Those flags are back:
Officials used blue flags on Friday night to raise awareness for prostate cancer research. But in one sequence in the Skyview-Heritage game at McKenzie Stadium, maybe the officials should have used white flags.
On Skyview’s first offensive possession of the game, the Storm’s Reilly Henderson had a 22-yard reception to give the Storm a first-and-10 at the Storm 46-yard-line.
Just before the ball was snapped for the next play, a flag was thrown by the side judge, who attempted to blow the play dead. However, no one else on the field saw or heard the official and the play went on, with Skyview’s Parker Henry running for an 11-yard gain.
The two teams lined up for the next play at the Heritage 43 and the first-down chains were moved before the side judge could notify the referee that a penalty had been called.
After being notified, the referee signaled offside against Heritage. Unlike pro and college football, in high school football, the play should be blown dead when the defense is offside.
But because the play was run and the chains were moved, the officials struggled to find the original line of scrimmage. They moved the ball back and forth. Eventually, the ball was placed at the Skyview 43 and the chains were moved to give the Storm a first-and-5.
So, basically, Skyview was penalized three yards because Heritage was offside.
On a side note, a contributing factor in all this mayhem could have been the powder blue flags the officials were using.
During all the discussion and moving of the ball, the blue flag thrown by the side judge sat at the 46-yard line. But because the flag was lying near one of the sidelines and was not as visible as the normal yellow flags, the officials didn’t use the flag to position the ball properly.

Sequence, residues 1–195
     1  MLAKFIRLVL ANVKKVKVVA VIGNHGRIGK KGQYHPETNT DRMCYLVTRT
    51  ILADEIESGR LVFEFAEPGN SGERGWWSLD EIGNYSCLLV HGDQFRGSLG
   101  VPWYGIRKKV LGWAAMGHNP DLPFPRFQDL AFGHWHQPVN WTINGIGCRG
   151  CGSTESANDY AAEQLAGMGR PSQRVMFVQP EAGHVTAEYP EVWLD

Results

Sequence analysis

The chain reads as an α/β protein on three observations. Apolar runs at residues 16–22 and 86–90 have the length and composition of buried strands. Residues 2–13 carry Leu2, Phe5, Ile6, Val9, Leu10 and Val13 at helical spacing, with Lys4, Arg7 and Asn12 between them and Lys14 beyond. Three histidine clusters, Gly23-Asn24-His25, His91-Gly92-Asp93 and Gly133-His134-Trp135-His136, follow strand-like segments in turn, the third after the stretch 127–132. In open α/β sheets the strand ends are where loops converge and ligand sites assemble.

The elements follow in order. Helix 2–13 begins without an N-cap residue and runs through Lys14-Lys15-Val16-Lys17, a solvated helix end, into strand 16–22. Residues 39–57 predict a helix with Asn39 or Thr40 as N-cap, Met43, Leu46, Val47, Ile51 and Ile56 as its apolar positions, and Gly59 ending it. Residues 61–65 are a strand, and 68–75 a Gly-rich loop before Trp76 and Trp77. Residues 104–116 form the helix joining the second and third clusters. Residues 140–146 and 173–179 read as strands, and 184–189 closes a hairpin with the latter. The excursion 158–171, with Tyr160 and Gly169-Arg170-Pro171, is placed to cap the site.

In the end, Henry made the whole issue a moot when, on the very next play, he broke free for a 57-yard touchdown run. If the ball had been placed properly, it would have been a 49-yard touchdown run. So Henry ended up with an extra eight yards rushing on the night.
You can watch the sequence from highlights supplied by It comes on Skyview’s first offensive possession of the game. You’ll see Henderson’s 22-yard catch-and-run to the Skyview 46, Henry’s 11-yard run from the Skyview 46 to the Heritage 43 (the nullified play), then watch Henry run from the Skyview 43 on a 57-yard TD run.

(Note from Paul Valencia: Tim Martinez was at this game and saw that sequence. I was at Thursday’s game at McKenzie. The blue flags need to go. We need to find a different way to raise awareness. A couple years ago, one crew did away with the blue flags at halftime. The flags are difficult to see, especially on McKenzie’s old turf. That field has some blue lines on it for the soccer configuration. When the flag lands on those lines, forgetaboutit. At least five times on Thursday, the radio crew from Beaverton tried to find the flags but could not see them.)

Starting QBs, where art thou?

Skyview starting quarterback Kieran McDonagh was banged up from a Week 2 injury and was held out of action against Heritage. Reports were that if this were a playoff game, he would have played. Backup Jordan Berni completed 6 of 9 passes for 121 yards and two touchdowns.
Heritage had to have its sophomore QB come in the game early in the first quarter when starter Joseph Cooper went down with an apparent ankle injury.
Many people were impressed with the youngster’s performance, including Skyview linebacker Parker Henry.
“(Loren Standiford) came in to this high intensity game with some great passing moves,” he said. “I thought for just coming in he seemed very prepared.”
Standiford completed 15 of 25 passes for 156 yards and a score.

The Thunder went up big early, then held off Prairie’s rally to record the 3A GSHL win.

Take the good with the bad:
Mountain View coach Adam Mathieson saw some good things from his defense in the Thunder’s 44-28 win over Prairie, and he saw some things that needed some work.
On one hand, the Thunder shut down Prairie’s ground game, holding the Falcons to a negative-13 yards rushing, including six sacks of quarterback Colin Seitz. They also forced four punts and three turnovers.
But then there were the 345 yards passing by Seitz, including a couple of long touchdown pass plays. 
Mathieson said some of the blame comes from having to prepare for three different types of offenses in the first three weeks.